Saturday, November 26, 2016

Electoral College must reject Trump unless he sells his business, top lawyers for Bush and Obama say

Members of the Electoral College should not make Donald Trump the next president unless he sells his companies and puts the proceeds in a blind trust, according to the top ethics lawyers for the last two presidents.
Richard Painter, Chief Ethics Counsel for George W. Bush, and Norman Eisen, Chief Ethics Counsel for Barack Obama, believe that if Trump continues to retain ownership over his sprawling business interests by the time the electors meet on December 19, they should reject Trump.
In an email to ThinkProgress, Eisen explained that “the founders did not want any foreign payments to the president. Period.” This principle is enshrined in Article 1, Section 9 of the Constitution, which bars office holders from accepting “any present, emolument, office, or title, of any kind whatever, from any king, prince, or foreign state.”
This provision was specifically created to prevent the President, most of all, from being corrupted by foreign influences.
Virginia Governor Edmund Jennings Randolph addressed the issue directly during a Constitutional debate in June 1788, noting that a violation of the provision by the President would be grounds for impeachment. (Randolph was also a delegate to the Constitutional Convention.)
There is another provision against the danger mentioned by the honorable member, of the president receiving emoluments from foreign powers. If discovered he may be impeached. If he be not impeached he may be displaced at the end of the four years. By the ninth section, of the first article, “No person holding an office of profit or trust, shall accept of any present or emolument whatever, from any foreign power, without the consent of the representatives of the people” … I consider, therefore, that he is restrained from receiving any present or emoluments whatever. It is impossible to guard better against corruption.”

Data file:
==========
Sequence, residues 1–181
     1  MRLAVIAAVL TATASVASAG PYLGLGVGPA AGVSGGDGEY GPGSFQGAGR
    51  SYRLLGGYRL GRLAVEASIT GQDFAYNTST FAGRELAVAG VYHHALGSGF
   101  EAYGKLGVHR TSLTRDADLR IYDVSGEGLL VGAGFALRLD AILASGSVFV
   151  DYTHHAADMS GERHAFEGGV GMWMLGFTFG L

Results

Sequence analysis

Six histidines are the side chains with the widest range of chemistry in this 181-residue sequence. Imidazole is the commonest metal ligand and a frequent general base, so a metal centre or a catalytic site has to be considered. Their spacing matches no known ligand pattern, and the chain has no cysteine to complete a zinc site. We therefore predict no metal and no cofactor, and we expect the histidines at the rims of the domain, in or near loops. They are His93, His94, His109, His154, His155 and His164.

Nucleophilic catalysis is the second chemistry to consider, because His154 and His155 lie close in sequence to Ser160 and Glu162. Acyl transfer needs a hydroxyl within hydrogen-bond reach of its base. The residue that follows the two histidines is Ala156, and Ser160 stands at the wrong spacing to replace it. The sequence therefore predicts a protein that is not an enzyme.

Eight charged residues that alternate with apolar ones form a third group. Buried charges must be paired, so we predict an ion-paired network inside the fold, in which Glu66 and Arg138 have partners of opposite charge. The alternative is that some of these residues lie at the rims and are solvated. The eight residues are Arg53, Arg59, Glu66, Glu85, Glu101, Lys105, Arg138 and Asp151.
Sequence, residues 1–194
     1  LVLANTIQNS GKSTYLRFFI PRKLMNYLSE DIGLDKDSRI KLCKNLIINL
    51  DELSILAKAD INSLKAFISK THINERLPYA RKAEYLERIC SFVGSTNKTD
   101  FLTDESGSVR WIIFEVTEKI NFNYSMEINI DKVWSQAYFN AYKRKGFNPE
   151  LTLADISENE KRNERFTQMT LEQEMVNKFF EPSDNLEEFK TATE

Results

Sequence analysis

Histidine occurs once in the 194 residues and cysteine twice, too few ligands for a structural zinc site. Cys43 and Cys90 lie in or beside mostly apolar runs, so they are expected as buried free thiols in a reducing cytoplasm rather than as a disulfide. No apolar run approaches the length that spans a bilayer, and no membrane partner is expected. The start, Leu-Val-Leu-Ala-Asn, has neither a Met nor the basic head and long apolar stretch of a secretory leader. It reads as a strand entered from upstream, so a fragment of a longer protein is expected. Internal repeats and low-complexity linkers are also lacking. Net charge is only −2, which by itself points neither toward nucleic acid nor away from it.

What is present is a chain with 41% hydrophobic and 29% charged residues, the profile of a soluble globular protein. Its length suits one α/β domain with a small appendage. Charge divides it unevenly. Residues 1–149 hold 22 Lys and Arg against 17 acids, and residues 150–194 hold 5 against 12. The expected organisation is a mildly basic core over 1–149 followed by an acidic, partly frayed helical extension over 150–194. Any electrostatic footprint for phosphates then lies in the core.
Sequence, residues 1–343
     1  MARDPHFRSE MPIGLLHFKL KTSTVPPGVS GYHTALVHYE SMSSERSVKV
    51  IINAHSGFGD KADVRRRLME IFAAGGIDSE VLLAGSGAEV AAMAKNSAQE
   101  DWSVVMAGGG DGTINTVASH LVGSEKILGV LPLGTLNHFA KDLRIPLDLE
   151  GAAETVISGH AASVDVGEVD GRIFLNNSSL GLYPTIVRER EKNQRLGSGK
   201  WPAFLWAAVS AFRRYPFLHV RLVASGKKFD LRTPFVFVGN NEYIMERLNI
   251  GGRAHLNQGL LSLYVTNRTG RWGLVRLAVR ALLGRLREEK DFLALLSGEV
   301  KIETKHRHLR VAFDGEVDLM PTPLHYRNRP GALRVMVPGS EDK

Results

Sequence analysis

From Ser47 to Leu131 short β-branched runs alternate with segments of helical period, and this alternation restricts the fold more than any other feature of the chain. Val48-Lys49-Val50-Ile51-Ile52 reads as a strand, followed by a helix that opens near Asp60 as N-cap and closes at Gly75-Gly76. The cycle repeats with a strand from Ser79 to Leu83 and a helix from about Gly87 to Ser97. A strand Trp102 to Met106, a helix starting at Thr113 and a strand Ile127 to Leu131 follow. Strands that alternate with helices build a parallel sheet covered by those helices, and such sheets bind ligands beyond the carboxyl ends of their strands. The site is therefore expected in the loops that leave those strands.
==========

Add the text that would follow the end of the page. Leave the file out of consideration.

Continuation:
Eisen said that Trump’s businesses, foreign and domestic, “are receiving a stream of such payments.” A prime example is Trump’s new hotel in Washington DC which, according to Eisen, is “actively seeking emoluments to Trump: payments from foreign governments for use of the hotel.”
“The notion that his (through his agents) solicitation of those payments, and the foreign governments making of those payments, is unrelated to his office is laughable,” Eisen added.
This problem will be repeated “over and over” again with Trump’s other properties and business interests. The only way to cure this Constitutional violation is for Trump to sell his companies and set up a blind trust before he takes office.
Electors should insist that Trump set up a blind trust as a condition of their vote, Eisen said.
Another option, however unlikely, is for “Republicans in Congress [to] admit that they endorse Trump’s exploitation of public office for private gain and authorize his emoluments as the Constitution allows.”


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